The health of trees is something most of us have probably never given much thought to, but if you have any trees on your property, it’s essential that you’re aware of diseases that can render them unattractive but also contagious to other trees. This post will provide an overview of common tree diseases in New South Wales.
Phytopthora cinnamomi is a soil-borne fungus that affects the roots of plants, causing them to become water-stressed and die. The infected plants appear wilted, stunted or yellowed. Phytopthora cinnamomi can survive on dead plant material in the soil for up to two years, so it’s important to remove all plant debris immediately after pruning or storm damage.
It’s best to avoid planting susceptible species like silver wattle around areas where you’ve had an outbreak of Phytopthora cinnamomi as well as any garden beds built on top of sandy soils that have been recently cleared with machinery; this will help prevent future outbreaks from being introduced into your garden.
Armillaria root rot is a serious disease that can cause significant damage to trees and other plants. The fungi that cause Armillaria root rot are spread through the soil by wind and rain, as well as through infected plant material. There are many different species of trees affected by this fungus, including eucalypts, oaks and chestnuts. Some native species such as flooded gum (Eucalyptus grandis), Sydney blue gum (Eucalyptus saligna) and box ironbark (Eucalyptus sideroxylon) are more susceptible than others due to their shallow root systems.
Verticillium wilt (Verticillium albo-atrum) is a common tree disease that can kill plants and trees in New South Wales. It occurs when the fungus enters the plant through its roots and then spreads throughout the entire tree. The disease attacks plants by clogging up their vascular system, causing them to die from lack of water and nutrients. Symptoms of verticillium wilt include wilting leaves during hot weather conditions; yellowing leaves; dead branches; cankers or cracks on bark or trunks of affected trees; and swollen roots on infected plants (especially near the soil surface).
The fungus Ganoderma applanatum is a common cause of butt rot in eucalypts and may be seen at any stage of the growth cycle. The disease is usually associated with decay in the lower trunk, but can also affect branches or roots. If left untreated, trees suffering from Ganoderma butt rot will die as a result of cambial death (the death of cambium).
Chalara australis (ramorum dieback), also known as ash dieback, is a fungal disease affecting ash trees. It was first detected in Europe in 1992 and has since spread to other areas of the world. This is a serious threat to ash trees in New South Wales, where it causes leaf loss and necrosis of the woody tissue of the trunk and branches.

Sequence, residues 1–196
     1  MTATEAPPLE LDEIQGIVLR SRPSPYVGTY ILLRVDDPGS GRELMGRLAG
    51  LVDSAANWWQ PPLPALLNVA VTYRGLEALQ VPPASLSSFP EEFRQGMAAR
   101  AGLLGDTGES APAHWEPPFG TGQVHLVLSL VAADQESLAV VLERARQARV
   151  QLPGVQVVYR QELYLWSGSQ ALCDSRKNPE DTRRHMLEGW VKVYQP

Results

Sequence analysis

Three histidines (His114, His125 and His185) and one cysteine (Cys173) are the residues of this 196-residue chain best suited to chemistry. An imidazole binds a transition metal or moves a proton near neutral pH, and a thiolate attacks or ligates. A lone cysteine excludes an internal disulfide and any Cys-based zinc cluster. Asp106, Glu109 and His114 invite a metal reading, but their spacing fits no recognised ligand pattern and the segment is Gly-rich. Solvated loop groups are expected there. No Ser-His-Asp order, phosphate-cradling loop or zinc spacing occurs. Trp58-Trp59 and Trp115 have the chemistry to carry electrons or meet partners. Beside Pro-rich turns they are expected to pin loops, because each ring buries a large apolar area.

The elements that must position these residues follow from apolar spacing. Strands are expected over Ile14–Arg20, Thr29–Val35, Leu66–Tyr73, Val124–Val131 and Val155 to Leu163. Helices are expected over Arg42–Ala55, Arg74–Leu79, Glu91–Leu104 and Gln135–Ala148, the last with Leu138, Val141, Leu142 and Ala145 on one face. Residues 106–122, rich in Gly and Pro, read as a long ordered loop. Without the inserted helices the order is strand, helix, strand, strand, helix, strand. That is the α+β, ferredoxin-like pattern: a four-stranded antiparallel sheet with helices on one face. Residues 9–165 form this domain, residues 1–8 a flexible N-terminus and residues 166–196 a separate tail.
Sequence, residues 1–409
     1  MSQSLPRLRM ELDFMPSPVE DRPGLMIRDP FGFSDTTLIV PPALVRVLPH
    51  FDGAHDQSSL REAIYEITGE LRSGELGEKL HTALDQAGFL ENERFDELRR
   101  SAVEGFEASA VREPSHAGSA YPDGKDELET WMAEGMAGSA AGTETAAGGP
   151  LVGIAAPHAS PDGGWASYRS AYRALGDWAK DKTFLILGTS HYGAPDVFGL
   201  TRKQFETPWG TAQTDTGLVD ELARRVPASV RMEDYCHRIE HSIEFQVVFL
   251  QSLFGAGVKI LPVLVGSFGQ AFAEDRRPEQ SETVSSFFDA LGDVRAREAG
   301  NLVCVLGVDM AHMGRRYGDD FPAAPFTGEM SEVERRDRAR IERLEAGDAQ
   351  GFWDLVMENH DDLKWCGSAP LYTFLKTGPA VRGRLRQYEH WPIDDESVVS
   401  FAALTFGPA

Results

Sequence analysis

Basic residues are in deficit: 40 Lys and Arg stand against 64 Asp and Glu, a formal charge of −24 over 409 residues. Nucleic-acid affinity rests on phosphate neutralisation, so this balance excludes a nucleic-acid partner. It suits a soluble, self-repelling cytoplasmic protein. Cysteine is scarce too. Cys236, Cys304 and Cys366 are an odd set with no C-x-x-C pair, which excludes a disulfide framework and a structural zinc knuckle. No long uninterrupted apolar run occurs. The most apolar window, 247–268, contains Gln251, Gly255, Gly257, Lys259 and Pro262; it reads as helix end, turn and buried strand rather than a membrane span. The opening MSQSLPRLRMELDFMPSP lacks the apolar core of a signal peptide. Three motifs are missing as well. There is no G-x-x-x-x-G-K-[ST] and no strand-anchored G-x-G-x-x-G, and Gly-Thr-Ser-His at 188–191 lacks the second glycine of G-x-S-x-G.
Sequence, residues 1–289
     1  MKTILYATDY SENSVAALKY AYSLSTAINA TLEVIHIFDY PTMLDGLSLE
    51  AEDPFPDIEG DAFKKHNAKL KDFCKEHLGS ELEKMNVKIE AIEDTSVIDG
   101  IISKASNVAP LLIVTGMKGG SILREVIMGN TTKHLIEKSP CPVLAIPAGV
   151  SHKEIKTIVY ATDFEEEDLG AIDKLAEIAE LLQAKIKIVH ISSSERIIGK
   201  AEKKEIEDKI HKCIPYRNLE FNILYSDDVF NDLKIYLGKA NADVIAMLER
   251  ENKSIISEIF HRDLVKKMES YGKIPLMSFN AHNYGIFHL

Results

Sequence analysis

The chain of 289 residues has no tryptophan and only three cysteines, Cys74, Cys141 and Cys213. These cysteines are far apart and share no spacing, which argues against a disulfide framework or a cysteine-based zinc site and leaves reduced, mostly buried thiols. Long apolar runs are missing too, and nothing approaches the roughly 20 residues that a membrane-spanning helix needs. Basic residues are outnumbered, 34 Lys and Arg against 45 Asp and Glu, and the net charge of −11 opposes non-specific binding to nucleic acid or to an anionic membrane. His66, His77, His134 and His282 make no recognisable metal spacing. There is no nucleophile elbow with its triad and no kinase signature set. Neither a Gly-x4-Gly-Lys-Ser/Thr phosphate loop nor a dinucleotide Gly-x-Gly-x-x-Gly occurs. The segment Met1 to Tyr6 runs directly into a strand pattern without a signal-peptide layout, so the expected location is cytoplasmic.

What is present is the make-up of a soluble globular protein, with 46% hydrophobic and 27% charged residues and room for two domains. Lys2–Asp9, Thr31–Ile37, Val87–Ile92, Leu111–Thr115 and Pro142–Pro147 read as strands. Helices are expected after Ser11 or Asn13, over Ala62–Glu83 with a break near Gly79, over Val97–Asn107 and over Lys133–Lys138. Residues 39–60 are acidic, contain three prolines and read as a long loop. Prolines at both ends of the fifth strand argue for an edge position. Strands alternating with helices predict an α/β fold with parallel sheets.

It grows on bark wounds or other damaged parts of an infected tree, forming galls that may be black or white depending on temperature and humidity conditions. Infected trees will produce fewer leaves than healthy trees and have smaller leaves with an abnormal appearance, such as twisted margins or curling leaflets. The fungus can also cause premature leaf drop, which results in dead patches on the foliage if left untreated for long periods of time.
Dieback is a common problem in eucalypts and can be caused by a number of different fungi. This disease can cause the death of the tree if left untreated. Seiridium spp. is most common in eucalypts but has also been observed on a wide range of other native trees, including ironbarks, boxwoods and tea trees (Melaleuca).
Phytophthora lateralis is a root and crown rot of eucalypts. The fungus Phytophthora lateralis causes this disease, most prevalent in wetter areas of NSW. Symptoms include dieback, cankers, branch dieback and crown dieback.
Phytophthora root rot is particularly damaging to young trees or recently planted trees as it can kill them before they reach maturity. To prevent this disease from spreading on your property, you should:
Leaf spot, caused by several different fungi, is identifiable by the appearance of circular or irregularly shaped spots on leaves. Leaf spot can be treated by pruning out infected leaves as soon as you see them. This will help reduce the spread of fungus and make it less likely for your tree to become infected in future seasons. The best way to prevent leaf spot is to prune out infected leaves in the autumn when there are fewer spores present in the air (approximately six weeks after flowering).
As a tree arborist, it’s important to be able to spot the signs of Botryosphaeria dothidea/Botryosphaeria stevensii and Diplodia pinea (dieback, canker and branch dieback). These two diseases often occur together.
The most obvious indicator that your tree has been infected by this fungal infection is browning leaves on the topmost branches. This type of leaf spotting is not a good sign for your tree as it usually indicates that there are other problems going on inside the trunk and roots too.
Phytophthora nicotianae var. parasitica (black wet rot) is a soil-borne plant pathogen that causes root rot, stem cankers and branch dieback of Eucalyptus species, particularly blue gum and other broadleaved trees. This disease has also been found on Pinus elliottii (slash pine), however, it does not seem to cause any significant damage or mortality.
Some tree diseases are better identified by arborists.